Sociology

Theories on how People become Criminals



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Deviant behavior is of interest to social scientists because it represents a departure from the norm. Humans, as animals, behave with similarity; however, this is only true in generalities and there are many factors which direct the thoughts and behaviors of the individual. For the most part, there are normal patterns of behavior, shaped by socialization and culture. The average person follows these patterns and participates in society. If they deviate from the norm, they do so in small ways, with less important matters, or in a way that is indiscernible and with little social impact.  The more extreme cases of deviance often result in the person committing the act being labeled as a criminal.

Scientific research has yet to reveal a universal reason why people become criminals. It is likely that this will never happen. There are as many reasons why crime is committed as there are criminal actors. Every person has their own motivation and responsibility for their choices. While some choices and life experiences do limit future choices and opportunities, most people retain the ability to discern between right and wrong and make appropriate choices. In considering how people become criminals, there are several theories to consider which address factors such as nature, environment, and social influence.

Formerly, theorists believed there were biological differences in people who committed crime. Phrenology was the study of head shape and bumps in the skull, and some thought that differences in the brain caused these physical protrusions and were associated with criminal behavior. William Sheldon suggested that body types were indicative of propensity for criminal behavior. The theory was that some people were destined to a life of crime because of biological reasons. While biology absolutely plays a role in shaping a person’s personality and behavior, the theory that some people are biologically destined to criminal behavior is very shortsighted and ignores many other contributing factors. A biological cause of criminal behavior is not likely to be found.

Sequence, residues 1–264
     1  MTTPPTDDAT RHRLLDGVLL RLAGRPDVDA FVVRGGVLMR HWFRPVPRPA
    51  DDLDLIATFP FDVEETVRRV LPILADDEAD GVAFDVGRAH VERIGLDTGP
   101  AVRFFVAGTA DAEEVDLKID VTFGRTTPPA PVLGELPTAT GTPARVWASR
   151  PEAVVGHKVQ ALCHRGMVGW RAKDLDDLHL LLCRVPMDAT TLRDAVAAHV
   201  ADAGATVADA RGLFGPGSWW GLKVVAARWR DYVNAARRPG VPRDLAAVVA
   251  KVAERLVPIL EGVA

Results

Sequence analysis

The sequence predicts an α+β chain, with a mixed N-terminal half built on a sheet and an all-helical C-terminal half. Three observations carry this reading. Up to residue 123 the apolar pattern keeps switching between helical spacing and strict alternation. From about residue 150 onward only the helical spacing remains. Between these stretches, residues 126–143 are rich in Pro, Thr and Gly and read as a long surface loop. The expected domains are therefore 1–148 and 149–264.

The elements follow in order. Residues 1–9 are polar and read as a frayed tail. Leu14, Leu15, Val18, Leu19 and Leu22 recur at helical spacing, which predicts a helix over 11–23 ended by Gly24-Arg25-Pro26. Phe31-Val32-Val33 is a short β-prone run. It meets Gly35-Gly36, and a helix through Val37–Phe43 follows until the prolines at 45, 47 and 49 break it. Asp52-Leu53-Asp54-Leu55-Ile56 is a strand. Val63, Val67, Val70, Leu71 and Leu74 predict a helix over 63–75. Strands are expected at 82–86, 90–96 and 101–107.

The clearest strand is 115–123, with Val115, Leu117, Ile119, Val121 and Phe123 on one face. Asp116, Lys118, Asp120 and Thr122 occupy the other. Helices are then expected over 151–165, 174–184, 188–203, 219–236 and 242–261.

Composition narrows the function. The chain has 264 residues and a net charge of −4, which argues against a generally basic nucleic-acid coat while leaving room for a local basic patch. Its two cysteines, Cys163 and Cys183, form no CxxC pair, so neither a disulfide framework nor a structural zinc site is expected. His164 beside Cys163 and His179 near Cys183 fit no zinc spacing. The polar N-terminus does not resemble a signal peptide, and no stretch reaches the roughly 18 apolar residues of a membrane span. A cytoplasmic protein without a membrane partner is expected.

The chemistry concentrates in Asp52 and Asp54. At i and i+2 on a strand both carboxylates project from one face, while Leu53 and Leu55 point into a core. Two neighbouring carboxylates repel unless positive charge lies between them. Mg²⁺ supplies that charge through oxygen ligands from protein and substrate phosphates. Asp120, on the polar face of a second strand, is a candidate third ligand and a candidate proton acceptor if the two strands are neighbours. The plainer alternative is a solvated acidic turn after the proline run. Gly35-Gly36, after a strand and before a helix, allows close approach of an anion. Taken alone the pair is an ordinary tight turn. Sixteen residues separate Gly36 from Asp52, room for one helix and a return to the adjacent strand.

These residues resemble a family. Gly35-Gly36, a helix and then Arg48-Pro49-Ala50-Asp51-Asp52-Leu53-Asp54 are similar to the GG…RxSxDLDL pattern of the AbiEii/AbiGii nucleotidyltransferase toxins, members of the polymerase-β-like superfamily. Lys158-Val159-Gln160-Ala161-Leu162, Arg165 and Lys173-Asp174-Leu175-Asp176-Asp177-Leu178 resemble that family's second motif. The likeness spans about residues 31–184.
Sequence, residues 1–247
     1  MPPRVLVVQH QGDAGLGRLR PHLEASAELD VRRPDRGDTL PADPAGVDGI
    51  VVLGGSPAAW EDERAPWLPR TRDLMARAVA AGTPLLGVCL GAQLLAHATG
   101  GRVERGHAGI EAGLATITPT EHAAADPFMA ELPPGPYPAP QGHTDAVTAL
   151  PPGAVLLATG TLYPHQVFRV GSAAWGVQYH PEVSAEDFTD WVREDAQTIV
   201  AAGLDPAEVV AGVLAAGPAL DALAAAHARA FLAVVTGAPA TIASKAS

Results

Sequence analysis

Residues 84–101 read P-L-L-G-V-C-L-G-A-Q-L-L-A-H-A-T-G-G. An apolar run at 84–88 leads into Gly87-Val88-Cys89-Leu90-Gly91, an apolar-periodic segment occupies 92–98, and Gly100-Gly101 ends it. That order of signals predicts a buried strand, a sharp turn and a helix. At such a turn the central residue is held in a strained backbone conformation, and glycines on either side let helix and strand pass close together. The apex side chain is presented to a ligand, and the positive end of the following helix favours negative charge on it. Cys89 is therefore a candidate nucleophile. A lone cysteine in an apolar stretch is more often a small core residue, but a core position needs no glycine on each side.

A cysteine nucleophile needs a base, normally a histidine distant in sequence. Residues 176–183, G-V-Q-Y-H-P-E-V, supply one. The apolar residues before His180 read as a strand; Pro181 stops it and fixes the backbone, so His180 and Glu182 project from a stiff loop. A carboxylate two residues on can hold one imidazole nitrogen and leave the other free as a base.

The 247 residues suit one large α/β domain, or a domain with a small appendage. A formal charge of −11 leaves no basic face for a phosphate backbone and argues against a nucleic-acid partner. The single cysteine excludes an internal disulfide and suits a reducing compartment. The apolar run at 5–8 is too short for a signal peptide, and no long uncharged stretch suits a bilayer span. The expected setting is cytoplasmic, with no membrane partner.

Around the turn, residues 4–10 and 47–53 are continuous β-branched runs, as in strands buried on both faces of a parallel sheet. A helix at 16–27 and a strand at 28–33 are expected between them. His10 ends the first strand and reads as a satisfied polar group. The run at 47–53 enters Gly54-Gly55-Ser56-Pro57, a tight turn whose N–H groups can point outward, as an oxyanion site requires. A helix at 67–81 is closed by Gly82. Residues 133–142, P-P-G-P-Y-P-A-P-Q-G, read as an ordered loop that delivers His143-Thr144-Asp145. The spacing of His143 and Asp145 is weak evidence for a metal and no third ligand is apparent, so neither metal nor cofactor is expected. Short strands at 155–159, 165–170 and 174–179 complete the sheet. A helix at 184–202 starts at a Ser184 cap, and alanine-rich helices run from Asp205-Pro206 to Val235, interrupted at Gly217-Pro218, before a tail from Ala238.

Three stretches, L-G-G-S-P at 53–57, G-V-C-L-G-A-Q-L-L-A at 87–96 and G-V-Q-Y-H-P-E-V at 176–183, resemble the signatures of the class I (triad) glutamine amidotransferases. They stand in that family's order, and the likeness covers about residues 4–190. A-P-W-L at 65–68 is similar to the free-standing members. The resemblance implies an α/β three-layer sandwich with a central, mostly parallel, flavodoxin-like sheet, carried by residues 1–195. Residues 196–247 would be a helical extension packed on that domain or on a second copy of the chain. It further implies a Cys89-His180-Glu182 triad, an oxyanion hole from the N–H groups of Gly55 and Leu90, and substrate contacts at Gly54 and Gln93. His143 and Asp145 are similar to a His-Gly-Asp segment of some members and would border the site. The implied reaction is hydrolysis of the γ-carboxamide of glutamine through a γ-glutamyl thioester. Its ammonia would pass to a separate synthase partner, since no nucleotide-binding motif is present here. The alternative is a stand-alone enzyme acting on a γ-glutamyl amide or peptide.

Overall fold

Theories that focus on the socialization process, which is the communication of culture and norms from one person to another, typically parent to child, are more believable. Social learning theory was developed by Albert Bandura and addresses how people learn behavior by seeing it modeled by others. In this way, criminal behavior would be the result of a person witnessing criminal behavior and deciding to do the same thing. The strength of this theory is that much of human behavior is learned, which we see with school, sports, and religion. A weakness in this theory is that one would expect an individual who sees the negative consequences associated with crime would learn that the behavior is not beneficial in the long run and would avoid it.

Edwin Sutherland theorized that deviant behavior is the result of the people an individual associates with, known as differential association. Similar to the social learning theory, the theory that a person acts how their friends act is based on social influence. When with friends, people tend to behave how the group behaves, sometimes even when the activity is something they wouldn’t do on their own. Another way to look at this is to consider that a person whose friends spend their time at a bowling alley isn’t as likely to commit crime as a person whose friends are constantly burglarizing homes and mugging pedestrians.